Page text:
Unleashing the power of T-rays

Radio waves, microwaves, X-rays - electromagnetic radiation that we can't actually see is exploited in a number of familiar technologies. But there is still a lot of potential to unlock, notably in the terahertz part of the spectrum. An EU-funded project is conducting research into innovative semiconductors that could open up exciting new possibilities.

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Countries
Countries
  Algeria
  Argentina
  Australia
  Austria
  Bangladesh
  Belarus
  Belgium
  Benin
  Bolivia
  Botswana
  Brazil
  Bulgaria
  Burkina Faso
  Cambodia
  Cameroon
  Canada
  Cape Verde
  Chile
  China
  Colombia
  Costa Rica
  Croatia
  Cyprus
  Czech Republic
  Denmark
  Ecuador
  Egypt
  Estonia
  Ethiopia
  Faroe Islands
  Finland
  France
  French Polynesia
  Gambia
  Georgia


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Published: 21 November 2017  
Related theme(s) and subtheme(s)
Health & life sciencesMedical research
NanotechnologyNanoelectronics
Research policyHorizon 2020
Security
Countries involved in the project described in the article
Austria  |  France  |  Spain  |  Switzerland
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Unleashing the power of T-rays

Image of a doctor's hand checking the results of MRI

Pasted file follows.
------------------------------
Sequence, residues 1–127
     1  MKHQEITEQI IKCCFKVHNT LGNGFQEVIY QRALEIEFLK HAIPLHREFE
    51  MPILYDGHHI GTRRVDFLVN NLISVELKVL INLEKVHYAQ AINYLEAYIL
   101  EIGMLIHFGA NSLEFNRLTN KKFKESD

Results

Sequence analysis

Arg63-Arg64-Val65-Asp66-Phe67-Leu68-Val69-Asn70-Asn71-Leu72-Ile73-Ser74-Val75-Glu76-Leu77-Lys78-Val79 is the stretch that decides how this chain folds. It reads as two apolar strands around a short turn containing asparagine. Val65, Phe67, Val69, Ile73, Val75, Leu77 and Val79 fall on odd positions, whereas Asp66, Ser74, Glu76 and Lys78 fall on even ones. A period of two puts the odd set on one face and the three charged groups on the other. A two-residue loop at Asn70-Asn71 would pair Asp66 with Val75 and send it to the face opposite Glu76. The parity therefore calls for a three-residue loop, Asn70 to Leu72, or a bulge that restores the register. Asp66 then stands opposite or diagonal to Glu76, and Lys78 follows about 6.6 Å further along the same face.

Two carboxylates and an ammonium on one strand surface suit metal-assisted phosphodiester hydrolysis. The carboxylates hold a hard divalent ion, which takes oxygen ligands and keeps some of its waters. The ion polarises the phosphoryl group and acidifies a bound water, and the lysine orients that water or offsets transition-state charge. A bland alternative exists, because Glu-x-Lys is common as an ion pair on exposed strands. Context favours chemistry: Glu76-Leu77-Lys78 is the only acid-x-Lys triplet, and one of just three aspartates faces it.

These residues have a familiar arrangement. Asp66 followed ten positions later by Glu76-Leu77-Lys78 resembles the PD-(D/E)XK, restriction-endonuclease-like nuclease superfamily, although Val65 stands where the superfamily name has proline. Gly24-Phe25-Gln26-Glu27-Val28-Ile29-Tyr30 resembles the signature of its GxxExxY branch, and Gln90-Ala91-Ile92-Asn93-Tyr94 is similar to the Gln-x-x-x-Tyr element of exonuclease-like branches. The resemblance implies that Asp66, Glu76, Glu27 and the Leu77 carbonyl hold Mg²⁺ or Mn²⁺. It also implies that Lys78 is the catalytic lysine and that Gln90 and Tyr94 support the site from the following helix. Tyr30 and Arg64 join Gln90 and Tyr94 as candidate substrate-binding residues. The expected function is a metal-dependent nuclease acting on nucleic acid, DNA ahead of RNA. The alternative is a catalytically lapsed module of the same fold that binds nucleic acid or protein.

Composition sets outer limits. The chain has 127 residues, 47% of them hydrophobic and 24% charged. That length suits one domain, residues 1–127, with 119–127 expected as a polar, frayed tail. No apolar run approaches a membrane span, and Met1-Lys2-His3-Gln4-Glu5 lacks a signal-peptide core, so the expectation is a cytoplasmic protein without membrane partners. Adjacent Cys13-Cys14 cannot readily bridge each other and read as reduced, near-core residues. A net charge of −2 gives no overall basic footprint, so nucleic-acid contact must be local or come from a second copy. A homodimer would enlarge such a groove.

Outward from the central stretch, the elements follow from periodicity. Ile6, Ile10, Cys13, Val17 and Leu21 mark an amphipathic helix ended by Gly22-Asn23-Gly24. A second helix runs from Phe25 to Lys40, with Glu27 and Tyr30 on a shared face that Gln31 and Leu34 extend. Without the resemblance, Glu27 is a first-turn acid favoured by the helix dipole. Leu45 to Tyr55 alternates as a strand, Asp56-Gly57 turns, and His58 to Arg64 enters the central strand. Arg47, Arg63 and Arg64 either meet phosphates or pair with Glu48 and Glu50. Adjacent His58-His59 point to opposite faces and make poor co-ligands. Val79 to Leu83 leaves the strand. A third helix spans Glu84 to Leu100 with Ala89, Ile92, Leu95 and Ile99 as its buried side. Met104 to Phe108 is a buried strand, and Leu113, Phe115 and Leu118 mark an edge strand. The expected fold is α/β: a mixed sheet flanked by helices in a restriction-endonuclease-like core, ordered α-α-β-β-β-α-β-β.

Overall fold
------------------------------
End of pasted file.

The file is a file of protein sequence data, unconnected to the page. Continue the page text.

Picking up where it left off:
© Sergey Nivens - fotolia.com

T for transparent? Terahertz (THz) light can go right through a variety of materials that are opaque in the visible range. This, of course, is also true of X-rays, but T-rays are not a type of ionising radiation.

And there are other differences, such as the fact that T-waves would not be able to look deep into the human body. Nonetheless, T-rays could potentially have powerful applications in medicine, such as for the detection of melanoma even in very early stages, or dentistry, for the imaging of teeth.

Other uses include security screening, for example at airports, quality control, and imaging in support of research in many areas. T-waves also hold promise with regard to wireless communication, where they could permit very high data rates.

However, for the technology to really take off, one major obstacle needs to be overcome, say the researchers in the EU-funded Zoterac project. Compact semiconductor sources operating at room temperature are needed.

Zoterac is rising to the challenge. It is working on nano-engineered semiconductors based on zinc oxide, for use in next-generation THz emitters and detectors. By the time this four-year project ends in August 2019, the partners involved expect to have produced results that are plain for everyone to see.

Project details

  • Project acronym: Zoterac
  • Participants: France (Coordinator), Austria, Switzerland, Spain
  • Project N°: 665107
  • Total costs: € 3 795 877
  • EU contribution: € 3 795 876
  • Duration: September 2015 to August 2019

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